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The Prisoner

Royal Lyceum Theatre
Four stars

A man enters a barren wilderness where he once went in search of something or someone. From the west, the man relays how he followed a lead, trying to fill in the gaps of a story about a man who committed a hideous crime, and who sat atop a hill for years staring at the prison walls beyond. So it goes at the start of Peter Brook and Marie-Helene Estienne’s extended meditation on justice, incarceration and liberation.

Over seventy elliptical and surprisingly witty minutes, the young man at the play’s heart who left such a mark on the westerner is by turns banished, reviled and eventually accepted as a part of the landscape. Alone in the wilderness, the man holds court to resentful villagers and an increasingly amiable executioner as he wraps himself in psychological chains of his own making.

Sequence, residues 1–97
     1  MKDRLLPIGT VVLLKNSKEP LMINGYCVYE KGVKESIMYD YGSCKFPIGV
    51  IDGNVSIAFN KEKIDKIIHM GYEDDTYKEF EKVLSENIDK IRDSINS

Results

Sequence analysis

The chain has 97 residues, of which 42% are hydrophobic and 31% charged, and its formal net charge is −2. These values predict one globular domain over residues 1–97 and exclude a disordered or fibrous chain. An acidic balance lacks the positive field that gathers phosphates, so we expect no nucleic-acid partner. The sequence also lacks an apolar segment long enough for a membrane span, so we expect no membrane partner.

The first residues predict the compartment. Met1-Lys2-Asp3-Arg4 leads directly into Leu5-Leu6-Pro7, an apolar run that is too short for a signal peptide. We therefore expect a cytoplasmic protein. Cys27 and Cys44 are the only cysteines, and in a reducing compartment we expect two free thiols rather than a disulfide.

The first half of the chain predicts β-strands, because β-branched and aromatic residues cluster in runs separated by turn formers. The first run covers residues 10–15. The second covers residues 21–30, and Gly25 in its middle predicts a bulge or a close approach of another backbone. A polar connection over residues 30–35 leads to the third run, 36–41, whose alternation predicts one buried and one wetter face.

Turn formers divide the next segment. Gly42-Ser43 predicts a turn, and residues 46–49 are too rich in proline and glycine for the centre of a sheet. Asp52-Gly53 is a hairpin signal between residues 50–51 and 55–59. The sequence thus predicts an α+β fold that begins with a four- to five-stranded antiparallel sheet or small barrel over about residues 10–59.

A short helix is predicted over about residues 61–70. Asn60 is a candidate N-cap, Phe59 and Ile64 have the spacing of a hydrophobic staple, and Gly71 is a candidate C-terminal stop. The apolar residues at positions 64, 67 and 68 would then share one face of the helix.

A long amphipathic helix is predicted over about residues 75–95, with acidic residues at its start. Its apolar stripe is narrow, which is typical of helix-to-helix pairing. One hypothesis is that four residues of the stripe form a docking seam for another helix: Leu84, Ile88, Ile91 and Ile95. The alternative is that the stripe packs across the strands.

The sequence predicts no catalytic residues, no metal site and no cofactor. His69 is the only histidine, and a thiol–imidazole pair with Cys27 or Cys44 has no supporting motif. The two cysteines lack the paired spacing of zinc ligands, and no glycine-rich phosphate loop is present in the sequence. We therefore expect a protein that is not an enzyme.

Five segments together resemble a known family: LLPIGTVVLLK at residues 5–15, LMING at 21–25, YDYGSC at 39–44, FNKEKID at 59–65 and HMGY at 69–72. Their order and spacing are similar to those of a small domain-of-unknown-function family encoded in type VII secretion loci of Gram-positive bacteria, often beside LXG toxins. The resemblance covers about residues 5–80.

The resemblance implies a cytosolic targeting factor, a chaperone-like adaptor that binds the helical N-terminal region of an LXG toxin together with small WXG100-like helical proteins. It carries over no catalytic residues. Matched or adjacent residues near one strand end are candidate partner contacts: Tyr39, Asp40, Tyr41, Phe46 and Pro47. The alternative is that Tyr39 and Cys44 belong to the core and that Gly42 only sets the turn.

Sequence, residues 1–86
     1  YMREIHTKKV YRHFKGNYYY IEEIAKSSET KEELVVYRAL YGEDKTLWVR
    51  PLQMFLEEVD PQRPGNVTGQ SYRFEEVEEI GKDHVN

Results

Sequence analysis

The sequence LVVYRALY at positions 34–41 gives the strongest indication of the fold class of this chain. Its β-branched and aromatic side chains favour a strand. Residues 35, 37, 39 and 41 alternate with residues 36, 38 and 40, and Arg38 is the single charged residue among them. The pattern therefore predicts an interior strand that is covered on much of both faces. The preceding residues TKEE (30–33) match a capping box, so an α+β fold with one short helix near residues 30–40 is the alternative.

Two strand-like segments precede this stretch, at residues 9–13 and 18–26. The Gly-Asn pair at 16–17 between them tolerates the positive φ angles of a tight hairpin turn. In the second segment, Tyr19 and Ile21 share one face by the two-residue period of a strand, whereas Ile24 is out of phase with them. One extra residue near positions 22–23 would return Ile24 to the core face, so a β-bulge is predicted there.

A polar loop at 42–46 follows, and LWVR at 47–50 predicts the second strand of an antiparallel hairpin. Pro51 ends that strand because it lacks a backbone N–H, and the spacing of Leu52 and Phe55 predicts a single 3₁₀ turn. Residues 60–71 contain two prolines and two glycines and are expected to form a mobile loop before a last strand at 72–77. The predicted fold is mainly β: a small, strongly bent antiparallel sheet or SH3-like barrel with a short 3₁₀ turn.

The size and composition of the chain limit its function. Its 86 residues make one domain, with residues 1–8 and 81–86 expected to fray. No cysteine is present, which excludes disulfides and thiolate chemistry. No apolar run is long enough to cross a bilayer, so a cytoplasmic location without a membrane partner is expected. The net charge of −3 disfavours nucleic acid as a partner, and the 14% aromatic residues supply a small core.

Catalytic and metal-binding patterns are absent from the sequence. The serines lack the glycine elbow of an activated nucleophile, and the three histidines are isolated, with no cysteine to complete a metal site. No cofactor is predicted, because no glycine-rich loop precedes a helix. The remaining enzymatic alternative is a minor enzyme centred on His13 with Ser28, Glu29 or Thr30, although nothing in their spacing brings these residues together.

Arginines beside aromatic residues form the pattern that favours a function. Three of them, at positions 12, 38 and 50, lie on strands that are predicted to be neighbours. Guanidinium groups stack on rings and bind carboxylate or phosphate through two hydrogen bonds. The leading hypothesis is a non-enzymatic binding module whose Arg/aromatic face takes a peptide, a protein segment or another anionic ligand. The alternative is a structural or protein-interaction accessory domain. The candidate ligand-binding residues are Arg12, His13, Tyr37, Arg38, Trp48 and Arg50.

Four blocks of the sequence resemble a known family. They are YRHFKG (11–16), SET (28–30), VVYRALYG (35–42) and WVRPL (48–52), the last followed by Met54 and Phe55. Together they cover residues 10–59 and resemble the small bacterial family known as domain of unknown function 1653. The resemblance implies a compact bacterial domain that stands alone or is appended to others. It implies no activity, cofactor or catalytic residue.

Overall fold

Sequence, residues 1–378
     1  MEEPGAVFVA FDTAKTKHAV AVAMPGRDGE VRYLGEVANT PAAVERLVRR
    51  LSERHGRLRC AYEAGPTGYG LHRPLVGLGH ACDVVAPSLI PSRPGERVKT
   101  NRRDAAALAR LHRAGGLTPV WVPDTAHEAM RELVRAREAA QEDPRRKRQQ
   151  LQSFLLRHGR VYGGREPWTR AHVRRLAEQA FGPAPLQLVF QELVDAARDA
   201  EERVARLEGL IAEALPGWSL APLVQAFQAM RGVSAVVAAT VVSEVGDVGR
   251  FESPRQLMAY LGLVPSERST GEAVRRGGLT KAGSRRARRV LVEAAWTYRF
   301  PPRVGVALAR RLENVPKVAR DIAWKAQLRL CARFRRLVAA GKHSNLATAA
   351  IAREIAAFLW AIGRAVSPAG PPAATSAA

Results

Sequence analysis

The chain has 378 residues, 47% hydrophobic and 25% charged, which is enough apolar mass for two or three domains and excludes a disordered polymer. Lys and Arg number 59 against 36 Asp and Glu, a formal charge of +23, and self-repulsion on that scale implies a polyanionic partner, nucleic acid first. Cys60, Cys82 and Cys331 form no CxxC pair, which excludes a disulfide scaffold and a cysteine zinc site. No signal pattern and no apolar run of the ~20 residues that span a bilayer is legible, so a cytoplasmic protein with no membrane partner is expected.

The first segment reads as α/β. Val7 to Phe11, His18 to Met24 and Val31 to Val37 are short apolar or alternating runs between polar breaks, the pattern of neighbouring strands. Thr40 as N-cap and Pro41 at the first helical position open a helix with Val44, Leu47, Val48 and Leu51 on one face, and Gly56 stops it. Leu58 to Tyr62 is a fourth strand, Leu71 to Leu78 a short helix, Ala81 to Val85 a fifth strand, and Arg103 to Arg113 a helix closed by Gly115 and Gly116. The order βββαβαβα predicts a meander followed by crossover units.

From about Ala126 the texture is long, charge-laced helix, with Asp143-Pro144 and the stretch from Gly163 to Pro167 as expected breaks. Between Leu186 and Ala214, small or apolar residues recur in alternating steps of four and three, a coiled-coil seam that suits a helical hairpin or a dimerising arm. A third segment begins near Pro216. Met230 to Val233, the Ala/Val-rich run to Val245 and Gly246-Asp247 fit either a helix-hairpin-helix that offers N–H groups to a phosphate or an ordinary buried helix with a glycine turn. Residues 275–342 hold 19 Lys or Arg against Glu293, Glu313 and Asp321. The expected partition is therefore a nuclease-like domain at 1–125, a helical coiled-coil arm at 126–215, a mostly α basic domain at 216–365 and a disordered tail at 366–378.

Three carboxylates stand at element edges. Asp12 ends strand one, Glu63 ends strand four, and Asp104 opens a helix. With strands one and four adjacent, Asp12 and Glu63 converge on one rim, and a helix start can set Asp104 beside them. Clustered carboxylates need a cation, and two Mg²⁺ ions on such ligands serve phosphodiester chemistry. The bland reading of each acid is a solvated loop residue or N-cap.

Inspired by Brook’s real life encounter with a prisoner sitting in the open air in Afghanistan, this philosophical enquiry is as spare as any quest for enlightenment in ways that recall Buddhist-tinged fictions from Walden by Henry David Thoreau to Big Sur by Jack Kerouac by way of Herman Hesse’s Siddharthur. Here, however, the stakes are higher, as Hiran Abeysekera’s prisoner first befriends, then kills a rat just as he killed his father, with both crime and punishment as extreme as anything from Greek tragedy.

As the centrepiece of Edinburgh International Festival’s mini season of work by Brook and Estienne’s Paris-based Theatre des Bouffes du Nord, there is a delicious lightness at play, however profound the play’s contemplations. With Abeysekera leading an international cast that also features Herve Goffings, Omar Silva, Kalieaswari Srinivasan and Donald Sumpter, together they carve out something both spiritual and political, so when the prison is bulldozed away, a world without walls looks liberatingly within reach.

The Herald, August 24th 2018


ends

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